William Ryan talked of the photographic inspiration for The Constant Soldier, Luke McCallin of his fear of writing about Berlin (his first two novels are set in Sarajevo, where he lived for 6 years) and David Young of his need for escape from the BBC! All acknowledged Phillip Kerr for leading the way in writing historical crime fiction set in Germany, and Luke McCallin divulged his fantasy of Kerr’s Bernie Günther and his Gregor Rheinhardt appearing in each others works!

Why are German authors not writing historical crime set in National Socialist or GDR times?  “They say it is too early”, said Mrs Peabody, pointing out to David Young that Simon Urban’s Plan D, set in an alternate present, is his nearest competition  “Oh, there’s far too much internalisation in that novel”, replied David Young. “It could have been much better.”

Cue coffee and a good old chin wag with Mrs Peabody before she left to prepare for the second event ….  Turned out it was Wulf Dorn’s 1st UK event, and only Cay Rademacher’s 2nd!

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Cay Rademacher, Mrs Peabody and Wulf Dorn – courtesy of Mrs Peabody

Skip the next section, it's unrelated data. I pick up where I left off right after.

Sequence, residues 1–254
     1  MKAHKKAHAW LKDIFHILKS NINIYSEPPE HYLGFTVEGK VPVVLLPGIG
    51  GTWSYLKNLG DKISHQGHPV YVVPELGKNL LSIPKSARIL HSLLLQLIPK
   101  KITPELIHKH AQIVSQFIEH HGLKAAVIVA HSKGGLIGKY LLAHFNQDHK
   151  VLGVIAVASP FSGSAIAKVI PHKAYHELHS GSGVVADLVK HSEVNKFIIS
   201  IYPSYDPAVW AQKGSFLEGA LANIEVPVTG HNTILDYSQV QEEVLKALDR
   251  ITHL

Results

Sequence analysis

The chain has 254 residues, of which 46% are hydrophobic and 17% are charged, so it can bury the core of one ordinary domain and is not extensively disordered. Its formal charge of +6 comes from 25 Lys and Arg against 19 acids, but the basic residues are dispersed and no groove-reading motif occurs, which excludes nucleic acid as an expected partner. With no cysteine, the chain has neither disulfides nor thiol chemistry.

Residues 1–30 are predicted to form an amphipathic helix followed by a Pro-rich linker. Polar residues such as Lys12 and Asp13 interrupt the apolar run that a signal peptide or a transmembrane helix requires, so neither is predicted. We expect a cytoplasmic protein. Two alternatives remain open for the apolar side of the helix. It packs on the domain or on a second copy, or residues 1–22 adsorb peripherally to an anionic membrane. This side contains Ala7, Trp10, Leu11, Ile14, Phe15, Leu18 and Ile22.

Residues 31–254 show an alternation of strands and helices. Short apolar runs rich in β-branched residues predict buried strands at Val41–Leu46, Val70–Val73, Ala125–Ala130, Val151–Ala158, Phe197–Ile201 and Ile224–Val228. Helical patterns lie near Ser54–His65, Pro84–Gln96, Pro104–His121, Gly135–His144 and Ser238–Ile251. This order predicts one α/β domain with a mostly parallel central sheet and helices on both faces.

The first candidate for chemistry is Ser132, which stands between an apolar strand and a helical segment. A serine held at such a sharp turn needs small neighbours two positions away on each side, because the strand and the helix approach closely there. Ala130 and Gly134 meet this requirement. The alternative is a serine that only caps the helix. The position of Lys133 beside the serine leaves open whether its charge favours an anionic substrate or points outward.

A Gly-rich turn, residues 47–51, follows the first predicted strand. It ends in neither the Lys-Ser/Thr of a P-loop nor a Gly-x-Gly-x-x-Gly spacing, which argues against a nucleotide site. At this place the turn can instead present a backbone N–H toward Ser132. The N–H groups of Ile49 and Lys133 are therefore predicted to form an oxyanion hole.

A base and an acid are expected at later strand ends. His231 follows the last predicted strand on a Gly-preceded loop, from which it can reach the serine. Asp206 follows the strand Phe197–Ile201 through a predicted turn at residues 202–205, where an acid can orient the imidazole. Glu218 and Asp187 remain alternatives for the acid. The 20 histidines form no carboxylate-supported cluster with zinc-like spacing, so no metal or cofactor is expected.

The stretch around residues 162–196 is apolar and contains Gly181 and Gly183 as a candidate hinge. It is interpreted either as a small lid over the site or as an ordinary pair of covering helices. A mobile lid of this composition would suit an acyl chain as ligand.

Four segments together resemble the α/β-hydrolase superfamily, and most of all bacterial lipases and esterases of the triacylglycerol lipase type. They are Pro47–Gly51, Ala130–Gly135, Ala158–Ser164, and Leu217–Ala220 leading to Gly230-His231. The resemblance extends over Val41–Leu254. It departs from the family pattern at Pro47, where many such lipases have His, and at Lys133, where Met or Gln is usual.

Wulf Dorn was a psychiatric therapist before turning to crime writing.  He likes to explore the abyss of the human mind, using Friedrich Duerrenmatt as his role model.  His motivating factor is suspense, not blood and gore.  His novels have yet to be published in English (though I believe something may be in the pipeline), but all have a fantastic premise, said Mrs P. Then she asked:  “How do you come up with these?  Do you soak in the bath, go for long walks, or do you simply have a twisted imagination?”.  Wulf Dorn:  “If I tell you, I’ll have to kill you.”

Cay Rademacher’s Inspector Stave series is available to English readers.  The Murderer in Ruins and The Wolf Children are set in post-war Hamburg.  Set in the cold, cold winter of 1947, the first is based on an unsolved case, reconstructed by Rademacher to provide a solution.  The second is set in the hot summer of 1948 which heralded the beginning of Germany’s economic miracle with the introduction of the German Mark. I intend reading  both when I visit Hamburg in June.

There was discussion about the popularity of the prologue in crime fiction, something authors are taught not to write.  Both authors agreed that the prologue has grown in popularity since the introduction of e-books.  These are now so cheap that a novel must have a hook in the first few pages to prevent readers moving straight onto the next one.